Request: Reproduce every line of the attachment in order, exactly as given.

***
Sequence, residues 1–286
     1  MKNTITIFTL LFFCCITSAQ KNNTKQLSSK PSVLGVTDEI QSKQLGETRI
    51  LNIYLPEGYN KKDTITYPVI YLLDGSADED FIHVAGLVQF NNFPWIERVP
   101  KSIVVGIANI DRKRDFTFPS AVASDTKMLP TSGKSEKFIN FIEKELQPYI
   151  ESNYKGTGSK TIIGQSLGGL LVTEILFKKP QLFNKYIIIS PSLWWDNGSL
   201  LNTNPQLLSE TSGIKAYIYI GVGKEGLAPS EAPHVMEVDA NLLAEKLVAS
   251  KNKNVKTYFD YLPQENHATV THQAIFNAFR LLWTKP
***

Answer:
Sequence, residues 1–286
     1  MKNTITIFTL LFFCCITSAQ KNNTKQLSSK PSVLGVTDEI QSKQLGETRI
    51  LNIYLPEGYN KKDTITYPVI YLLDGSADED FIHVAGLVQF NNFPWIERVP
   101  KSIVVGIANI DRKRDFTFPS AVASDTKMLP TSGKSEKFIN FIEKELQPYI
   151  ESNYKGTGSK TIIGQSLGGL LVTEILFKKP QLFNKYIIIS PSLWWDNGSL
   201  LNTNPQLLSE TSGIKAYIYI GVGKEGLAPS EAPHVMEVDA NLLAEKLVAS
   251  KNKNVKTYFD YLPQENHATV THQAIFNAFR LLWTKP